Tourism sector fears protest effect
CHADAMAS CHINMANEEVONG & CHATRUDEE THEPARAT
Tourism operators are feeling the effects of protests to topple Prime Minister Samak Sundaravej and say they could hurt the country's image and drag the sector down.
Natwut Amornvivat, president of Thailand Convention & Exhibition Bureau (TCEB), said he was concerned about the violent movement as it hurt the country's image and spread negative images around the world.
''We must keep an eye on the situation to see how it will end. Many events will not be cancelled, but some participants may not want to come to Bangkok,'' he said.
In the worst case, he said, bloodshed would cause TCEB to miss its Mice (meeting, incentive, convention and exhibition) business target.
''It's difficult to outline future plans,'' he said. ''The agency will have to work harder to boost the country's reputation again in the Mice sector.''
Mr Natwut added that if political instability ended with the house's dissolution, TCEB would be affected in other ways, including the delay of a budget allocation by the new government. Some budgets could be reduced, which would be an obstacle to promoting Mice business in the long term.
Mr Prakit Chinamourphong, president of the Thai Hotels Association (THA), agreed with Mr Natwut, saying the growing political instability was hurting tourism and hotel businesses.
''If the government and PAD don't compromise and think about the interests of the country, the problem will drag on and hurt the economy,'' said Mr Prakit.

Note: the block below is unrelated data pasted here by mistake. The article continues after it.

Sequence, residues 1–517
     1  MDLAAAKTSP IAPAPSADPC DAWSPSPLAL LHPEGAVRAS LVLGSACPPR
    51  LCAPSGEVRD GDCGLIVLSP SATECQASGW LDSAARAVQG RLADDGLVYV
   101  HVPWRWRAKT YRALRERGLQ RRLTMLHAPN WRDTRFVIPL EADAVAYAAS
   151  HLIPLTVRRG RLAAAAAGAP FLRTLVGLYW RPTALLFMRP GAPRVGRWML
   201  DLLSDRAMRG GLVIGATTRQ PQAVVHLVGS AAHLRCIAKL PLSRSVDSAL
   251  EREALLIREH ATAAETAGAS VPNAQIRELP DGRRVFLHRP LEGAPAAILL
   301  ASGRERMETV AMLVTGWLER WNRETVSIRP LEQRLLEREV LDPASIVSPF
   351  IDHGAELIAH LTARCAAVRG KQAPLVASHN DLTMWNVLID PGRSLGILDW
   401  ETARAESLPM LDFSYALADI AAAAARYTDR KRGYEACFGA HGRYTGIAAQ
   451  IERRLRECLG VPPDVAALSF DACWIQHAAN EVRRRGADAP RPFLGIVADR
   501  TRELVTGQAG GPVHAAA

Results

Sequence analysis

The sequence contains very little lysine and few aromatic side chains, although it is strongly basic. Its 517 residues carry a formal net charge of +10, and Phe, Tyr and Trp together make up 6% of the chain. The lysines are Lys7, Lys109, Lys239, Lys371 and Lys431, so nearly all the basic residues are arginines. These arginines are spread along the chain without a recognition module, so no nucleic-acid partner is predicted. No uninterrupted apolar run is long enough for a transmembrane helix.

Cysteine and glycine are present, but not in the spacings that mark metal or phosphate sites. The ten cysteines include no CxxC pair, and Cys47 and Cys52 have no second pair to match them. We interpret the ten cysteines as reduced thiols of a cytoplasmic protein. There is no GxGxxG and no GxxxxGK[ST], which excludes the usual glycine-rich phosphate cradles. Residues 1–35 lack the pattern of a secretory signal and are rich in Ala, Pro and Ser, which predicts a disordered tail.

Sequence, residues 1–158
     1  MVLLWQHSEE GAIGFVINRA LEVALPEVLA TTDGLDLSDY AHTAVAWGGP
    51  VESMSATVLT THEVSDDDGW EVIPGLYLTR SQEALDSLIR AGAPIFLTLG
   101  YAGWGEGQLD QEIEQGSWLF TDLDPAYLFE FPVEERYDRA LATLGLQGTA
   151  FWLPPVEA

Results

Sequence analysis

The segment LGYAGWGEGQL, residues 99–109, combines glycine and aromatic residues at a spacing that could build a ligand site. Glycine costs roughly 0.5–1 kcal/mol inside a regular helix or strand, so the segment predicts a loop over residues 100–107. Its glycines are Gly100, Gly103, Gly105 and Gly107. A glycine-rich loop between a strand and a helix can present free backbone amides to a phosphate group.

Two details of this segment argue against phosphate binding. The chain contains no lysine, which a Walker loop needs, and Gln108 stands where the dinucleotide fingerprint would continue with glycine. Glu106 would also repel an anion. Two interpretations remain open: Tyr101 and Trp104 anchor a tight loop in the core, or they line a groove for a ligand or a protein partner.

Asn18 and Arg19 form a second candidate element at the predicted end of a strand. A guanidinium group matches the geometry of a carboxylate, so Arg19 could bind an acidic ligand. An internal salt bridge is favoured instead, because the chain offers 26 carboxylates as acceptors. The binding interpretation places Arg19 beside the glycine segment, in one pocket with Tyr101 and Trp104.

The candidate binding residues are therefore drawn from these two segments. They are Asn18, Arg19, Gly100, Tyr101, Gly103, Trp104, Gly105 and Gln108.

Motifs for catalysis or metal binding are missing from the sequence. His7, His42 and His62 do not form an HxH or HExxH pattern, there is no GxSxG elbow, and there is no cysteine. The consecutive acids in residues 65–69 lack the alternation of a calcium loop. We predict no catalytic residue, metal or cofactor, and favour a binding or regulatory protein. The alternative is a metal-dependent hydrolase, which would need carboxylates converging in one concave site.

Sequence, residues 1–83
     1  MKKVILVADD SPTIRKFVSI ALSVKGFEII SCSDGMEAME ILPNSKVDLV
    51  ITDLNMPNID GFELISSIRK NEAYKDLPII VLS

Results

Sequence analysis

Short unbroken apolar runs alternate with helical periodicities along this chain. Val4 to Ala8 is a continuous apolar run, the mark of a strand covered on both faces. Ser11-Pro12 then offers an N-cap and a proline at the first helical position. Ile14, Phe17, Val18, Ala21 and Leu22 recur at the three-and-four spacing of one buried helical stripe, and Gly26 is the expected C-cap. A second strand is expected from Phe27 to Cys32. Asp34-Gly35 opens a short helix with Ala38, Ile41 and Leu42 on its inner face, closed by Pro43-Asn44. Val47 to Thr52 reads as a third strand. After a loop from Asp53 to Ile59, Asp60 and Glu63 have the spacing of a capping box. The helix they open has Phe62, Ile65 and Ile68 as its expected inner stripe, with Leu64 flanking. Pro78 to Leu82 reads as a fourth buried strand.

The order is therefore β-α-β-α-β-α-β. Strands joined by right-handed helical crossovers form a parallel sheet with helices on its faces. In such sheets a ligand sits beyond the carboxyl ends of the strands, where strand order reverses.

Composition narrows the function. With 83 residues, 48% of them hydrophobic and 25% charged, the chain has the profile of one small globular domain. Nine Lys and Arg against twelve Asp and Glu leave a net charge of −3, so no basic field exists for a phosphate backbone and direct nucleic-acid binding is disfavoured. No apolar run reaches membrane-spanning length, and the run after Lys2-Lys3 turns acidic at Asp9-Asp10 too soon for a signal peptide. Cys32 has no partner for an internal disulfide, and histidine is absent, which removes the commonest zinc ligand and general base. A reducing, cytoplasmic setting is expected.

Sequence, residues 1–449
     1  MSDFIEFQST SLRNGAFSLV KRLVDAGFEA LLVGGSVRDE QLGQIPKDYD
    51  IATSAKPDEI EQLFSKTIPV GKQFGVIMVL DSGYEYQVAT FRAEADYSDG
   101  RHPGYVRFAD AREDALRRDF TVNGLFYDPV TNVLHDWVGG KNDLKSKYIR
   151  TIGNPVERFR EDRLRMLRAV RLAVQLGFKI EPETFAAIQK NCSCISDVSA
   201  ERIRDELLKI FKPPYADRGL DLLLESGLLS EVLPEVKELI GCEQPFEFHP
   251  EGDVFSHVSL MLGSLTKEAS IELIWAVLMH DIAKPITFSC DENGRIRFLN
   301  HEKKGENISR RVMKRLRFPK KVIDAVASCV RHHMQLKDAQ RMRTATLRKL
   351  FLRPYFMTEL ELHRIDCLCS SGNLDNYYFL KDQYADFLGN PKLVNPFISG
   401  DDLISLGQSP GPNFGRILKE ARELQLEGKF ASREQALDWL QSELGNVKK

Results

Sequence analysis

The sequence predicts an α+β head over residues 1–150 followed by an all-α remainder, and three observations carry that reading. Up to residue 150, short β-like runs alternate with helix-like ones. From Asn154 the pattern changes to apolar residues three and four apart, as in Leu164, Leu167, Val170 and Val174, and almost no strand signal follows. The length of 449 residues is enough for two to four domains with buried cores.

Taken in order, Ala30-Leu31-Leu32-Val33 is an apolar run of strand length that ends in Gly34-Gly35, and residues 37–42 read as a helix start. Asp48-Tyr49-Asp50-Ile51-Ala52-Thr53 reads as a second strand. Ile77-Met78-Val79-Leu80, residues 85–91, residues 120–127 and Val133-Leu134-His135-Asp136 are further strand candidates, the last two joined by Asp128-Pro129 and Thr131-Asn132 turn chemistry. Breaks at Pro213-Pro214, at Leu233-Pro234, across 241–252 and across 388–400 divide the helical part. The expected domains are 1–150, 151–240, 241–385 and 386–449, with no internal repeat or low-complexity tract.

During the first seven months of 2008, average hotel occupancy was 68%, up from 67% last year.
''If we had no political problems, the average occupancy would reach 70% or 80%,'' Mr Prakit said.
But Jennifer Cronin, vice-president for sales and marketing of the Dusit Group, was still optimistic that yesterday's PAD rally would not lead to bloodshed.
''Tourists are familiar with the protests as this kind of political movement has taken place in many western countries for years. The protests in Thailand are not as serious as in many countries,'' she said.
This year, the number of corporate, leisure and Mice tourists to Thailand continued to rise, despite PAD protests taking place since May.
Apichart Sankary, president of the Association of Thai Travel Agents (ATTA), said tourists who have already booked tour packages might cancel their trips if they felt unsafe. But he said no cancellations have been made yet, as it is still too early to make any decision.
''The protest might deter tourists who plan their trips in the high season between October and December,'' he said.
If the turmoil ends in two or three days without serious violence, he forecast that the impact would be unlikely to be felt by Thailand's tourism in high season.
The committee of the ATTA is scheduled to meet today to consider the latest PAD protest. Mr Apichart also called on both the government and PAD to solve problems in a peaceful way.